I really like the sound of vibraphones. I also tend to really like the sounds of electronic music and of electro-acoustic experimentation. Relevantly enough, Masayoshi Fujita has, over his body of work released under the name of El Fog, succeeded in skilfully incorporating vibraphone-playing into his more electronically-focused ambient, glitch, dub and hip-hop-inflected compositions.
This release however, released under Fujita’s own name, consists of eight compositions that are free of the electronic manipulation and processing present in much of his other work and is also his first solo vibraphone release. Containing as it does approximately 47 minutes of mostly purely vibraphone-based music (with strings playing a subtle role in a couple of tracks), I was initially curious as to whether Stories would be able to sustain a listener’s interest for its entirety.
As it happens, I found the album particularly captivating in how Fujita, over the eight tracks, explores the versatility of the instrument, and the many vibes (I really am so very sorry) that the vibraphone can produce.
This versatility is most noticeable in the many ways demonstrated in which the instrument can resonate emotionally with a listener. This breadth is clear in the contrast between the rich, lively sound of the opening track ‘Deers’ and the deep, evocative minimalism of the album’s closer, ‘Memories of the Wind’. Similarly, this versatility is also made clear – to a lesser extent – in terms of what can be done on a more purely tonal, timbral level: on ‘Cloud’, the sounds coming from the single vibraphone sound more like the sounds of an ambient synthesizer patch (complete with tonnes of attack and sustain), and, on ‘River’, an increased sense of percussiveness is lent by Fujita’s use of some vaguely Cage-esque preparations.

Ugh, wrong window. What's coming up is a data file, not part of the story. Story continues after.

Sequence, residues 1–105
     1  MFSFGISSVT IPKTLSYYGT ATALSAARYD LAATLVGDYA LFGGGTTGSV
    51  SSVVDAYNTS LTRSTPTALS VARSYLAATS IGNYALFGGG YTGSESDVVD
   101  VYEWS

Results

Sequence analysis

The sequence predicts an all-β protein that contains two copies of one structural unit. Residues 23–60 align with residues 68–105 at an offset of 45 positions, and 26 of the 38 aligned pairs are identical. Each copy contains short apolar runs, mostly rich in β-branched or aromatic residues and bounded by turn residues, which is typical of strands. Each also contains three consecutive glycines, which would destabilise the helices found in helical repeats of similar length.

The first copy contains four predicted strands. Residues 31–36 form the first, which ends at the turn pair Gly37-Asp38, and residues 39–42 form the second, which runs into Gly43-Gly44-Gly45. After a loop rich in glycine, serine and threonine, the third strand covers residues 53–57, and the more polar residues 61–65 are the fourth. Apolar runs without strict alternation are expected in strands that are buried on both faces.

Stories, then, is a spacious, cerebral yet emotional album that fascinatingly makes a lot out of a modest and minimalistic set-up; and an album that as well as appealing to people like me who really like the sound of vibraphones, should really resonate with fans of the ambient, ‘modern classical’ aesthetic of artists like Nils Frahm, Ólafur Arnalds and Hauschka.
Posted: Sat 16 February 2013